How can national health accounts and reports be used and what sort of data can you gain from them?
It’s helpful to look at real-life examples of national health accounts and reports to understand how they can be used. A good starting place is A System of Health Accounts
which lays out a standard used in OECD countries. As an example of the way in which the SHA are presented, take a look at ‘Table 1. Current expenditure on health by function of care, provider and source of funding’
on page 26, which categorises current health expenditure by function of care, provider and source of funding according to the ICHA classifications.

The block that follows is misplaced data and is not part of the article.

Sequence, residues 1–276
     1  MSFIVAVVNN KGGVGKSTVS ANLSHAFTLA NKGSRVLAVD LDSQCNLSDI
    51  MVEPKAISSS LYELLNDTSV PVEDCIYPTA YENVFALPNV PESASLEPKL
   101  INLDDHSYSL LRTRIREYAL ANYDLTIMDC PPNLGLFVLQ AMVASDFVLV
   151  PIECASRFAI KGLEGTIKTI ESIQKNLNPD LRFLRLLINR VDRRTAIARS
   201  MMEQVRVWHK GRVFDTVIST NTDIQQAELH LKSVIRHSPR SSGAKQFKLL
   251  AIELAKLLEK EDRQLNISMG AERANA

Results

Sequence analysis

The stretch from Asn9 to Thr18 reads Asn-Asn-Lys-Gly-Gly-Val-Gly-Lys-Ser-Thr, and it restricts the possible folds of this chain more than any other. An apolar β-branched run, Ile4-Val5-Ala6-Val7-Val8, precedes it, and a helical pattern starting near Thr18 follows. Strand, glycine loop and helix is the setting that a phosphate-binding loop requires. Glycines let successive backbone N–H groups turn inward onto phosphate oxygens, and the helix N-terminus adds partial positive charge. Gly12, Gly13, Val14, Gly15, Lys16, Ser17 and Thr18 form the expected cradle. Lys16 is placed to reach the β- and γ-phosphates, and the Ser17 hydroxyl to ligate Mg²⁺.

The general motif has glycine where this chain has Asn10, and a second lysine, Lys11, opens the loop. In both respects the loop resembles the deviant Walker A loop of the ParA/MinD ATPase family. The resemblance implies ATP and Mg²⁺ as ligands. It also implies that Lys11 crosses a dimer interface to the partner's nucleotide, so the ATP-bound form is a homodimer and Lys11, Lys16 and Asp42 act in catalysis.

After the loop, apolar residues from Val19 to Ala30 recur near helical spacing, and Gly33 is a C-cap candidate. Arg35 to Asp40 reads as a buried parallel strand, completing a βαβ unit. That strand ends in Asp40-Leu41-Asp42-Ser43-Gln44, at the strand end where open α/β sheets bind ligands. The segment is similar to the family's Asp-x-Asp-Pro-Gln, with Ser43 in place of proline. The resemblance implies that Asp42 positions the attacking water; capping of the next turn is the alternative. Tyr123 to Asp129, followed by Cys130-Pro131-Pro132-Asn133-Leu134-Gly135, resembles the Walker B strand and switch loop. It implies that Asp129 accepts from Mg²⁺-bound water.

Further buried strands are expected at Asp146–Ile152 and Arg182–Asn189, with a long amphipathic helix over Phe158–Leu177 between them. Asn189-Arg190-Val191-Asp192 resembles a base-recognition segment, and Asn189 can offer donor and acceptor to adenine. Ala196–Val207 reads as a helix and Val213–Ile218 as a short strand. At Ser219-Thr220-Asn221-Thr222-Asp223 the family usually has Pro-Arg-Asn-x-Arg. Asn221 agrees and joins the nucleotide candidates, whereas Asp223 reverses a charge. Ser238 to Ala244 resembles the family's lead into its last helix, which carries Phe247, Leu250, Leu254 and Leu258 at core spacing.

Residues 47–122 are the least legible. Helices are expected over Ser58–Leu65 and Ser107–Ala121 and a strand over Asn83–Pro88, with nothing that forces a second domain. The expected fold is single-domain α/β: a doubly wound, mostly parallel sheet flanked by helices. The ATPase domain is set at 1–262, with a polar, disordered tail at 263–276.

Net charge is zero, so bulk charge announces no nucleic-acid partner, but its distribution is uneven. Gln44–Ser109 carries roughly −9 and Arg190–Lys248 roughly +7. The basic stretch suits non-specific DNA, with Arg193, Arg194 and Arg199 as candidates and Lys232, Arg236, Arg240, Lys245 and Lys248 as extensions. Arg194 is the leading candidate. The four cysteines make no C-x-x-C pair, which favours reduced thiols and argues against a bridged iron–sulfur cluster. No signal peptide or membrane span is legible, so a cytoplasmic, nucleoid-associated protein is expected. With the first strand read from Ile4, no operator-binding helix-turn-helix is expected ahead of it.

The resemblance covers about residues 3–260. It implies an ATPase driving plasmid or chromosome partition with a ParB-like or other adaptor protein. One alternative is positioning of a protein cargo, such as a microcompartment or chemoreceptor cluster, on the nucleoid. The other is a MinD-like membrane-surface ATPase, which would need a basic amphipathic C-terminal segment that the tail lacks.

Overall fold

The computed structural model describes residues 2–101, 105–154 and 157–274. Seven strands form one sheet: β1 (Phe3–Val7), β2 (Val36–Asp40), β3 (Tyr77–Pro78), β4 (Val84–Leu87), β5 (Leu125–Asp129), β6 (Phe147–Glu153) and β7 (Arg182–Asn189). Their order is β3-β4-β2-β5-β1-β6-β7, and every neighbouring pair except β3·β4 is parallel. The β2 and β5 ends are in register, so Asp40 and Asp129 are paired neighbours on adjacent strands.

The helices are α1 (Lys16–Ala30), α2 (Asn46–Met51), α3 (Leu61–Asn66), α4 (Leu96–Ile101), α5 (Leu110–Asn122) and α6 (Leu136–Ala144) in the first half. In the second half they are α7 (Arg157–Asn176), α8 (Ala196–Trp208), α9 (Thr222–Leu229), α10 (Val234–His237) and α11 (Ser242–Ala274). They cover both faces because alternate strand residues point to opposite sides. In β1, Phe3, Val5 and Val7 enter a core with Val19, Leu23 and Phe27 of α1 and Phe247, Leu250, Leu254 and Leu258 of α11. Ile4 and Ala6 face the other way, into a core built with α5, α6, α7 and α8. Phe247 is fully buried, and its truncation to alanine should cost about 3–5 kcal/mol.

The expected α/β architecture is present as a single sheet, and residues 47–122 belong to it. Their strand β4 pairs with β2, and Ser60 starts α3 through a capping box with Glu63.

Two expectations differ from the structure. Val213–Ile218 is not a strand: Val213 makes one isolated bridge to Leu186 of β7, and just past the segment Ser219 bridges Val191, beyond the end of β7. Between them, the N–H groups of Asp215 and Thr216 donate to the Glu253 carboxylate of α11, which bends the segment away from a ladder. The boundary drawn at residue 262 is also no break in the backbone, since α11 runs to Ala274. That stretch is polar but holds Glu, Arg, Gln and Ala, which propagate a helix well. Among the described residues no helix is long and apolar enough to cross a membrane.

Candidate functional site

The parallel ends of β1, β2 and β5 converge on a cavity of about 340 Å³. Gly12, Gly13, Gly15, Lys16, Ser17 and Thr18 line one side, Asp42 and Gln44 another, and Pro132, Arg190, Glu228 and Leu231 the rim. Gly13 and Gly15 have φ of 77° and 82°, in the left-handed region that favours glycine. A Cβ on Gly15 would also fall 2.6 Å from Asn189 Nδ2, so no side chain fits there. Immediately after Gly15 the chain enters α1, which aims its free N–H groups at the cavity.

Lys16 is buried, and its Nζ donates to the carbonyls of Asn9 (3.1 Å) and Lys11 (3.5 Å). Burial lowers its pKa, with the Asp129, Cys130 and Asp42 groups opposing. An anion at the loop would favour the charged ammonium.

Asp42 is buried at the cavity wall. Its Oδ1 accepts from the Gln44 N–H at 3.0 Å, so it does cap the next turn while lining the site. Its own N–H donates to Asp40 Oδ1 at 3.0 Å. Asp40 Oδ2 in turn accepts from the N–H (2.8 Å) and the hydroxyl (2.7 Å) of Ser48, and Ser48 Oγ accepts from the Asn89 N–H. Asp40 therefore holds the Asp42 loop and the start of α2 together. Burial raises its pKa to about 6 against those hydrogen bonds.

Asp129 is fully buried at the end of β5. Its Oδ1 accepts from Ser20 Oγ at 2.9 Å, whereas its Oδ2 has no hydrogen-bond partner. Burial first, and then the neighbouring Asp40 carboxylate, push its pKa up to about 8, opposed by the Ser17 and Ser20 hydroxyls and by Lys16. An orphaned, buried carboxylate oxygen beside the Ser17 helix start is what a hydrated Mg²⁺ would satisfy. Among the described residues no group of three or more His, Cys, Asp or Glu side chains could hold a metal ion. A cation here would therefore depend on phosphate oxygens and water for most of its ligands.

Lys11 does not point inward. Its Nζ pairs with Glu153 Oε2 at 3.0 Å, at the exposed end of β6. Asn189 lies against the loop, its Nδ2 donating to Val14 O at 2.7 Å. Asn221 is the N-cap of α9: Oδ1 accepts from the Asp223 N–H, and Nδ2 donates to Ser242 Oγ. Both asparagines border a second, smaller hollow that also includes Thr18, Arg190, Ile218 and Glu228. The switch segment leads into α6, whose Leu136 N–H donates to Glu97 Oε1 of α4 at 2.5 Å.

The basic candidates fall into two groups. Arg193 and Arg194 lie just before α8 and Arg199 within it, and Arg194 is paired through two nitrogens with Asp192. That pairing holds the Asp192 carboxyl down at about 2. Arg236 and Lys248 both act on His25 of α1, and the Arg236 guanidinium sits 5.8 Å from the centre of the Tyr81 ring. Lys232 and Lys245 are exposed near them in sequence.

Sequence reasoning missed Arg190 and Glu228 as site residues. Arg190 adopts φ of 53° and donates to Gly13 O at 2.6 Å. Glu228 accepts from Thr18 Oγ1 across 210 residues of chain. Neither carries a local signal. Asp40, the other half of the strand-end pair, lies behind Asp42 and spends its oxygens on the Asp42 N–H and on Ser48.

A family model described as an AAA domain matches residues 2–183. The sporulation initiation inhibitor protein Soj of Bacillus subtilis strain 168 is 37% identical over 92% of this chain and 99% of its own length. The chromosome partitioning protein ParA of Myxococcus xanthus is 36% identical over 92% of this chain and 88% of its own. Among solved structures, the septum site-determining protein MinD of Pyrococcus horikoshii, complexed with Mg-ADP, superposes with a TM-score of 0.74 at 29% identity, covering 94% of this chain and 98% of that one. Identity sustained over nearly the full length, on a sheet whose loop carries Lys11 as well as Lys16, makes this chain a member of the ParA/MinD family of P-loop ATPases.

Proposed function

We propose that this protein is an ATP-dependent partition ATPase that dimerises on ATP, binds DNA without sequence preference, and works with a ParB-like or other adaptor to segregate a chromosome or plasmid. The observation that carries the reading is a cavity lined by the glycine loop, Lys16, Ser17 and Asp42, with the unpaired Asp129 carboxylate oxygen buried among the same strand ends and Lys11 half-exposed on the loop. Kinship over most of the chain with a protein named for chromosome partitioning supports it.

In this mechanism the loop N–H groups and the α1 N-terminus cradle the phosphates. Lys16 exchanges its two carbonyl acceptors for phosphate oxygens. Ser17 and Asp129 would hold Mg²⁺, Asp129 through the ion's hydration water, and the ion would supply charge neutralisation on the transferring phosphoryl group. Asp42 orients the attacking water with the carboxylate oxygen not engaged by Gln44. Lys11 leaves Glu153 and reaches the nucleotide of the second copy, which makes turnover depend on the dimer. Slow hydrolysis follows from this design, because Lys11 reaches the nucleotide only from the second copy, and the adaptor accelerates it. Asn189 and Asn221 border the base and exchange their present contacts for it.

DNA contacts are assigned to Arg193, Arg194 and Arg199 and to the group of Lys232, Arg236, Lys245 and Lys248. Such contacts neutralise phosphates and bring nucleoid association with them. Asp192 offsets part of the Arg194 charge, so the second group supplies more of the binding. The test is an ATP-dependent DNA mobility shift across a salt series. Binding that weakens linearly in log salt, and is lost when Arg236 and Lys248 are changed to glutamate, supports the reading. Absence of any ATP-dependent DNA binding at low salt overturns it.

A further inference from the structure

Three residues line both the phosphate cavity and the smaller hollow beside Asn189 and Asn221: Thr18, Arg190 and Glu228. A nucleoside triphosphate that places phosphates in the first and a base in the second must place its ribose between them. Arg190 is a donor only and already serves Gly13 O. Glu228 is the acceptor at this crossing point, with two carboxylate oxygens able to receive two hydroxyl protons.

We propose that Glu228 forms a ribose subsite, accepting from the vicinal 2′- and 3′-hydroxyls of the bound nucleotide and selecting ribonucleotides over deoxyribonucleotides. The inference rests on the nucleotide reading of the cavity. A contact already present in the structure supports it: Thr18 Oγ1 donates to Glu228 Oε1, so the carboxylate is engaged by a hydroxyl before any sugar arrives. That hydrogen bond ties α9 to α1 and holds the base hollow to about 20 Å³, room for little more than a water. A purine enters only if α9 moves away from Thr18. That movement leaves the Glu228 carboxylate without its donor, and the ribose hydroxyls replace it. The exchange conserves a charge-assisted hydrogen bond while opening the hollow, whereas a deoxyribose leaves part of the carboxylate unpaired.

In general, the SHA tables appear as two-dimensional spreadsheets with function, provider, and source on the horizontal axis, and health services of different types on the vertical axis.
The WHO guide to producing national health accounts
also has some good examples and guidelines, if you want to explore this further.
The NHA detail the flow of funds from the sources of financing, through the agents that allocate the funding, to the many different providers who deliver health care to the population. National Health Accounts can also be produced also for different sectors within the health system. Like the general NHA, NHA sub-analysis for reproductive health (for example) captures and organises information on health expenditures in the standard table format, from financing sources to end uses, but does so only for reproductive health.
To see an illustration of this process, have a look at the USAID and PHR Plus case study